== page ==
Nag vs Banter - What's the difference?

nag | banter |


As nouns the difference between nag and banter

is that nag is a small horse; a pony or nag can be one who while banter is good-humoured, playful, typically spontaneous conversation.

As verbs the difference between nag and banter

is that nag is to repeatedly remind or complain to someone in an annoying way, often about insignificant matters while banter is to engage in banter or playful conversation.

Other Comparisons: What's the difference?

nag

English

Etymology 1

(etyl) nagge'', cognate with Dutch ''negge

Noun

(en noun)
  • A small horse; a pony.
  • An old useless horse.
  • (obsolete, derogatory) A paramour.
  • * 1598 , , III. x. 11:
  • Yon ribaudred nag of Egypt – Whom leprosy o'ertake!
    Synonyms
    * (old useless horse) dobbin, hack, jade, plug
    Coordinate terms
    * (old useless horse) bum (racing )

    Etymology 2

    Probably from a (etyl) source; compare Swedish .

    Verb

    (nagg)
  • To repeatedly remind or complain to someone in an annoying way, often about insignificant matters.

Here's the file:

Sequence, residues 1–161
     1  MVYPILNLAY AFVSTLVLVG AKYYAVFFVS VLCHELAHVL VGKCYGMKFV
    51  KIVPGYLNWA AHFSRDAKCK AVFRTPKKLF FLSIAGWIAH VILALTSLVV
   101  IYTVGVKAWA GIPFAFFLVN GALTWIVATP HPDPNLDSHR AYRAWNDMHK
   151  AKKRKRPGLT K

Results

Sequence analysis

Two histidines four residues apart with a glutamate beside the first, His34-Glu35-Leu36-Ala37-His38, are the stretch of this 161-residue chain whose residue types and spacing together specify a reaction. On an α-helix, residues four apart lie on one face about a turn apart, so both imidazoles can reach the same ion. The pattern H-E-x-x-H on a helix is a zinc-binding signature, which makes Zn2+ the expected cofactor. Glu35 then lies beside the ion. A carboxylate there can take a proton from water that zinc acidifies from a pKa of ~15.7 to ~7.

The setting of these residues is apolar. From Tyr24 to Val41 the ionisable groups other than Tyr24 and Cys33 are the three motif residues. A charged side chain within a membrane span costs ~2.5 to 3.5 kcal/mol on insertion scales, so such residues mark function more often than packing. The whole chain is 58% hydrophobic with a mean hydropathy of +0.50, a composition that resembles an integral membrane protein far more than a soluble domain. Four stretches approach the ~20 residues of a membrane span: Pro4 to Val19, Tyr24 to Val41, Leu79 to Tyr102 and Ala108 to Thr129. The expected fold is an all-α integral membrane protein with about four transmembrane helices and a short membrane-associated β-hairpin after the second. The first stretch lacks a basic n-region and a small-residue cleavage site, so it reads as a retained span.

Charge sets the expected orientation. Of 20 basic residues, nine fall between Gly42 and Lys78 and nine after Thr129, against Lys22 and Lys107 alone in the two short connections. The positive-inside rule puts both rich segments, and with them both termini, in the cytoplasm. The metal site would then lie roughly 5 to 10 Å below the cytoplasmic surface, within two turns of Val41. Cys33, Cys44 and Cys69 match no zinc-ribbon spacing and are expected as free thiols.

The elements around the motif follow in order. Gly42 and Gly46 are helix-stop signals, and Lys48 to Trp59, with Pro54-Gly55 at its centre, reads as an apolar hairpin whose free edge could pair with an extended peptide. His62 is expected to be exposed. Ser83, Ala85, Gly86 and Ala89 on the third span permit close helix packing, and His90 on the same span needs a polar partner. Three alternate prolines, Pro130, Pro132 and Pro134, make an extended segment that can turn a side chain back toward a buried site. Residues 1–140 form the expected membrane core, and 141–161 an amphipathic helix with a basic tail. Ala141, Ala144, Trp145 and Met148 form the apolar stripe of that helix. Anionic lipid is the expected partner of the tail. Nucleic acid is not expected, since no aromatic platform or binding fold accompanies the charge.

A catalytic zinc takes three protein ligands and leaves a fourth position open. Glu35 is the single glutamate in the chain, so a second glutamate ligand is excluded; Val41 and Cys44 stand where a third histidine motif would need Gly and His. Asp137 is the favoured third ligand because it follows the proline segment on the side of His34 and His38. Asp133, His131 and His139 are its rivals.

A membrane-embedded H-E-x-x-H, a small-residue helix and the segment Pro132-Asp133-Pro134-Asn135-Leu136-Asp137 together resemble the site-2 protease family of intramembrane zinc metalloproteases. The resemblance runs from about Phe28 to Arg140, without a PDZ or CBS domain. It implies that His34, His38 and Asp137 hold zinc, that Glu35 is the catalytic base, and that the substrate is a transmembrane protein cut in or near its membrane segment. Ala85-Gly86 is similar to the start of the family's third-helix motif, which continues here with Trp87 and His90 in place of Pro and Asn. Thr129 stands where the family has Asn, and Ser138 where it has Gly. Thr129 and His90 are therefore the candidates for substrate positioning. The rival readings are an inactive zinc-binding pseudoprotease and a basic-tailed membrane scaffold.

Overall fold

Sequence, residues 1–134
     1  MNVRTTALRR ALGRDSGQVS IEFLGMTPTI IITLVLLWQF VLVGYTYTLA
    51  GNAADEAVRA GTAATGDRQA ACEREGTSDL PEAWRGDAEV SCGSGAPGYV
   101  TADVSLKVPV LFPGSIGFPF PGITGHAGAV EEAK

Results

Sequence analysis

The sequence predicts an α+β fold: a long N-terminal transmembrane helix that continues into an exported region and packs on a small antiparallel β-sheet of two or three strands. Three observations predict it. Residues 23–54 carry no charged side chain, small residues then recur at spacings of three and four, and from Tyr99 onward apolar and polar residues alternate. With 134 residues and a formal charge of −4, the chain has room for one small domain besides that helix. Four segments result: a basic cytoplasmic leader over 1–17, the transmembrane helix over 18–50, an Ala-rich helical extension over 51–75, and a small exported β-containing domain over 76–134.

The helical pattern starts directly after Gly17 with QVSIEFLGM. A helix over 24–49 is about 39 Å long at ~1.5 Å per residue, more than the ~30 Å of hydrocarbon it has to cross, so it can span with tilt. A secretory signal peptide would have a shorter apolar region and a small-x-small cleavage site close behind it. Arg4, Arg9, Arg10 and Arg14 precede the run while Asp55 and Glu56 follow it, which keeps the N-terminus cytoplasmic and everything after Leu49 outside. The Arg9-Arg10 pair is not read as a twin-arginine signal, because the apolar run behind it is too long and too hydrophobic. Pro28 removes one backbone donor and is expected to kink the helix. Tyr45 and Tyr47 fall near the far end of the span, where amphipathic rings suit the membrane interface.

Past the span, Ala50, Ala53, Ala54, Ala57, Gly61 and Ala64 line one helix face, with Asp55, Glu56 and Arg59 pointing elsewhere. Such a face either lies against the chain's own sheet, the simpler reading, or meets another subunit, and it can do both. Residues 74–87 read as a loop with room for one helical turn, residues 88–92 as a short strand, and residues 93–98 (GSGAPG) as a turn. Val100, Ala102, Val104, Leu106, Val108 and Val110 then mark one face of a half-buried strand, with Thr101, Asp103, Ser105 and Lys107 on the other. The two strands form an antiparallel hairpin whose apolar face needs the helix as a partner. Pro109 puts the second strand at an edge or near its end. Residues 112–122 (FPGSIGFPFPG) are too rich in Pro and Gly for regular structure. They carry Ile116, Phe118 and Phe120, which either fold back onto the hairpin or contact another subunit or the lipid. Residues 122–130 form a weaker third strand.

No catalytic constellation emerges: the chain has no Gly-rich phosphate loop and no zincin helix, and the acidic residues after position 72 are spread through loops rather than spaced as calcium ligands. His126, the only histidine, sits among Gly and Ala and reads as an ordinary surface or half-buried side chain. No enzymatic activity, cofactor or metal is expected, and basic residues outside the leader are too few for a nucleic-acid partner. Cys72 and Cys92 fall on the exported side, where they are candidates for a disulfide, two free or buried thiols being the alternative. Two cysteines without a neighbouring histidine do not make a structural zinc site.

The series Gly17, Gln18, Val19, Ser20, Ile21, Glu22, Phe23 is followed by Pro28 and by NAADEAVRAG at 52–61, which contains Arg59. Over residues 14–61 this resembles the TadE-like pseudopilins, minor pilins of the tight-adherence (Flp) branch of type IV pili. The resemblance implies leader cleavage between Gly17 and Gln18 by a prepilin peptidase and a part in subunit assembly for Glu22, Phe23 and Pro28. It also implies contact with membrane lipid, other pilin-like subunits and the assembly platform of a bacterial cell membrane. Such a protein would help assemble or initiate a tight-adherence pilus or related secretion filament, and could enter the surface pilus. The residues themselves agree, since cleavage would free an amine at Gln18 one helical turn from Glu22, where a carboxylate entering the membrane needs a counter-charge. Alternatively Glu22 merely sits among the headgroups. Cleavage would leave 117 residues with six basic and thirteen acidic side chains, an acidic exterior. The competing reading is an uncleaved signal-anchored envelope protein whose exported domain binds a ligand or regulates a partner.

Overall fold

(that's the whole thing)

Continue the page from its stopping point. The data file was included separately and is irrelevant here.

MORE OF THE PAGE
• To act inappropriately in the eyes of peers, to backstab, to verbally abuse.
  • To bother with persistent memories.
  • The notion that he forgot something nagged him the rest of the day.
  • Other sorts of persistent annoyance, e.g.:
  • A nagging pain in his left knee
    A nagging north wind

    Noun

    (en noun)
  • One who .
  • Anagrams

    * * * * ----

    banter

    English

    Noun

    (-)
  • Good-humoured, playful, typically spontaneous conversation.
  • It seemed like I'd have to listen to her playful banter for hours.

    Verb

    (en verb)
  • To engage in banter or playful conversation.
  • To play or do something amusing.
  • To tease (someone) mildly.
  • * Washington Irving
  • Hag-ridden by my own fancy all night, and then bantered on my haggard looks the next day.
  • * Charlotte Brontë
  • Mr. Sweeting was bantered about his stature—he was a little man, a mere boy in height and breadth compared with the athletic Malone
  • To joke about; to ridicule (a trait, habit, etc.).
  • * Chatham
  • If they banter' your regularity, order, and love of study, ' banter in return their neglect of them.
  • To delude or trick; to play a prank upon.
  • * Daniel De Foe
  • We diverted ourselves with bantering several poor scholars with hopes of being at least his lordship's chaplain.
  • (transitive, US, Southern and Western, colloquial) To challenge to a match.
  • Synonyms

    * (tease) kid, wind up

    Derived terms

    * (l)

    References

    Anagrams

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